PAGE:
Winter really is the only break for beekeepers. Even then, there is preparation for the coming spring. But, now and then the beekeeper gets a chance to sit down and read a little. The following excerpt was taken from another blog on Word Press, “Friends of Montclair Library. Find the original post in its entirety here: https://montclairfriends.org/2016/07/12/the-buzz-about-bees/
The Beekeeper’s Lament: How One Man and Half a Billion Honey Bees Help Feed America by Hannah Nordhaus (638.13097 NORDHAUS) (not at Montclair) – Recounts the experiences of John Miller, one of the foremost migratory beekeepers, who, despite mysterious epidemics that threaten American honey populations–and the nation’s agribusiness–forges on and moves ahead in a new natural world.
Robbing the Bees: A Biography of Honey, the Sweet Liquid Gold That Seduced the World by Holley Bishop (638.16 BISHOP) (not at Montclair) – A comprehensive exploration of the life of bees and the process by which they make honey follows the daily life of a Florida panhandle beekeeper, traces each step of a bee’s honey-making process and offers insight into the product’s key role in business, food and culture.
Letters From the Hive: An Intimate History of Bees, Honey, and Humankind by Stephen Buchmann with Banning Repplier (638.1 BUCHMANN) – A glimpse inside the world of the honeybee records the traditional practices of beekeeping around the world, the contribution of bees to the pollination of plants and the culinary and medicinal uses of honey.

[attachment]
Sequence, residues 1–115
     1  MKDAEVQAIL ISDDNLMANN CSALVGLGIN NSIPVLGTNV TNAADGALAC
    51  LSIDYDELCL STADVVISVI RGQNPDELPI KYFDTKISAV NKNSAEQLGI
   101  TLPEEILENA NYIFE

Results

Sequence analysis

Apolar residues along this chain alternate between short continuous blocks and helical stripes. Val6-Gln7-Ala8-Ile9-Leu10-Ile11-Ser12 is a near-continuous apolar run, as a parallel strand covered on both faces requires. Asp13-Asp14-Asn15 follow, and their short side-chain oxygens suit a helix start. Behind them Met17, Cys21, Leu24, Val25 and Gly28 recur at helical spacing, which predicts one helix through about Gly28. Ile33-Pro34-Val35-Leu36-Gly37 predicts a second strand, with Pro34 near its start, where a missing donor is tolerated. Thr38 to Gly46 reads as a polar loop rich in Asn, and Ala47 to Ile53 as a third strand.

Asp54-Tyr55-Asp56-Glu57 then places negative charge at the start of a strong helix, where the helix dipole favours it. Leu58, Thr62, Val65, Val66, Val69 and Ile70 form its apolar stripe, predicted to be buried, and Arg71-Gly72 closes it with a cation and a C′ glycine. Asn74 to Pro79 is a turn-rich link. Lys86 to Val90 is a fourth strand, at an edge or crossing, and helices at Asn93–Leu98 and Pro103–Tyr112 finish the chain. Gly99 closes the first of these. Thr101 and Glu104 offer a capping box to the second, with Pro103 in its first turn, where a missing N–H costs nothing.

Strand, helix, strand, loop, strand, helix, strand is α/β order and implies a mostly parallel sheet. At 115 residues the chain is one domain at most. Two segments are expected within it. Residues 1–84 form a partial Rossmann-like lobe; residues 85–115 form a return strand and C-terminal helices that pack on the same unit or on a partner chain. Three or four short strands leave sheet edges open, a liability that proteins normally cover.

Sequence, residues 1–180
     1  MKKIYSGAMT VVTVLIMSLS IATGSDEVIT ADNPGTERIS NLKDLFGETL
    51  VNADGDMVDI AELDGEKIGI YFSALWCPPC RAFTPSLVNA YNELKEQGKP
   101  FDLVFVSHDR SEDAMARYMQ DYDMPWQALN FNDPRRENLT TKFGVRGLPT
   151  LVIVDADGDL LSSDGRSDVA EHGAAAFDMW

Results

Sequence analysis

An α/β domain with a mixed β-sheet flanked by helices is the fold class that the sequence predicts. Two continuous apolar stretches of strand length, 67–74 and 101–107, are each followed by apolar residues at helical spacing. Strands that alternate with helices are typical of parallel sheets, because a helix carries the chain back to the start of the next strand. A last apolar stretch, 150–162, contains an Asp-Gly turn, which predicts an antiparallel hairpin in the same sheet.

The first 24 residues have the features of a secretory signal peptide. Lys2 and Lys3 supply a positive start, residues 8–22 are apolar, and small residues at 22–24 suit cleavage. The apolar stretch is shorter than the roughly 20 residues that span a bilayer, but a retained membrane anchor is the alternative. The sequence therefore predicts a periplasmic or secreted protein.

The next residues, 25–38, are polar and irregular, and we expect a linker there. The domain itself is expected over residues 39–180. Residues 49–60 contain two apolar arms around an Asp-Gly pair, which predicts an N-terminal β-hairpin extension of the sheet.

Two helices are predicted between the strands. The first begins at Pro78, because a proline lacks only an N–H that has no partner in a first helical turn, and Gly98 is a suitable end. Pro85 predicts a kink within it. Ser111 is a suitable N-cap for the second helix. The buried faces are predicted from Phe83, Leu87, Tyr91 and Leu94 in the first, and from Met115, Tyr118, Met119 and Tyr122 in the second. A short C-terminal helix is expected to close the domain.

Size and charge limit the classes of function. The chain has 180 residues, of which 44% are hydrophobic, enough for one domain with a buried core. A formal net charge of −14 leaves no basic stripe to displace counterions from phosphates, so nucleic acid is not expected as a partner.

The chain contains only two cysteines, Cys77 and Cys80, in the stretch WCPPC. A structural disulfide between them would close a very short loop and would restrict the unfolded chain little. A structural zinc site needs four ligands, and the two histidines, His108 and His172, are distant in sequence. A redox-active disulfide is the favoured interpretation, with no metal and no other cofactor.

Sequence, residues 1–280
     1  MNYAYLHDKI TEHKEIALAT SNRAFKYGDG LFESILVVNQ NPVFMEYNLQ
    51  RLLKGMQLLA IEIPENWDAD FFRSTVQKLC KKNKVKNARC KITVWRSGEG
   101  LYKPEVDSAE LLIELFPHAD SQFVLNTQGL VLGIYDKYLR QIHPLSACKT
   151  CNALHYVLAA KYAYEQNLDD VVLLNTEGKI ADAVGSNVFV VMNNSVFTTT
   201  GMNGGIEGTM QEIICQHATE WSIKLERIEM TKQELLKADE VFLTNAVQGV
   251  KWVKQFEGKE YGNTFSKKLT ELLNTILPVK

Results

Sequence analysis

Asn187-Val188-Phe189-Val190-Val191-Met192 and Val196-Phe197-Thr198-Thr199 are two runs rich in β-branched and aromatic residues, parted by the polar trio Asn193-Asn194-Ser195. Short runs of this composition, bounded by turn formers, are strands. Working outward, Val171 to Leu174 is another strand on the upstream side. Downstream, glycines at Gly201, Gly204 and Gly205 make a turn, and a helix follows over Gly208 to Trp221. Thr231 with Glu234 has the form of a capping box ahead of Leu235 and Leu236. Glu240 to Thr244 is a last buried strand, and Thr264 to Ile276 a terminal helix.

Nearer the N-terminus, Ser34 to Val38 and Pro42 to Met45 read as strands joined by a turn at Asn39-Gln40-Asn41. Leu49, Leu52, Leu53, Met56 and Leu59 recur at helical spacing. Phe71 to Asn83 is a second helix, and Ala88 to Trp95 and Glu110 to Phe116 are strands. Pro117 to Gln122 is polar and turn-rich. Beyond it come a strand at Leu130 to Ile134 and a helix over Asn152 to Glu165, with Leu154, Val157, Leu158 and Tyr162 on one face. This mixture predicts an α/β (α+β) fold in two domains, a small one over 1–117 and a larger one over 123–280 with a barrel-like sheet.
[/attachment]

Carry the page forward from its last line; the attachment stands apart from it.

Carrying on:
Fruitless Fall: The Collapse of the Honey Bee and the Coming Agricultural Crisis by Rowan Jacobsen (638.15 JACOBSEN) – Traces the significant 2007 and 2008 reductions in honeybee populations, identifying the causes of Colony Collapse Disorder to explain the link between bee pollination and industrial agriculture and predict dangerous reductions in food output.
A Book of Bees…and How to Keep Them by Sue Hubbell (638.1 HUBBELL) – Chronicles a year in the lives of beekeeper and bees, describing and explaining the activities of both and the rewards of having bees of one’s own.
Honeybee Democracy by Thomas D. Seeley (595.79915 SEELEY) – Honeybees make decisions collectively—and democratically. Every year, faced with the life-or-death problem of choosing and traveling to a new home, honeybees stake everything on a process that includes collective fact-finding, vigorous debate and consensus building. These incredible insects have much to teach us when it comes to collective wisdom and effective decision making.
Bees in America: How the Honey Bee Shaped a Nation by Tammy Horn (638.10973 HORN) – Explores the connection between the honeybee and the cultural, national and economic development of the United States. “During every major period in the country’s history, bees and beekeepers have represented order and stability in a country without a national religion, political party or language.” (GoodReads)
Sweetness & Light: The Mysterious History of the Honeybee by Hattie Ellis (595.799 ELLIS) – Integrating popular science and social history, an intriguing global history of honeybees examines the hive society of the bee, as well as the influence of bees and honey on diverse cultures around the world and throughout history. The story of bees and honey from the Stone Age to the contemporary cutting edge; from Napalese honey hunters to urban hives on the rooftops of New York City.
The Queen Must Die and Other Affairs of Bees and Men by William Longgood (638.1 Longgood) – “Longgood’s quiet little thirty-year-old book…is a kind of meditation on beeness: an exploration of the motivations, desires and attitudes of the simple honeybee as she goes about her business.” – Stephen on GoodReads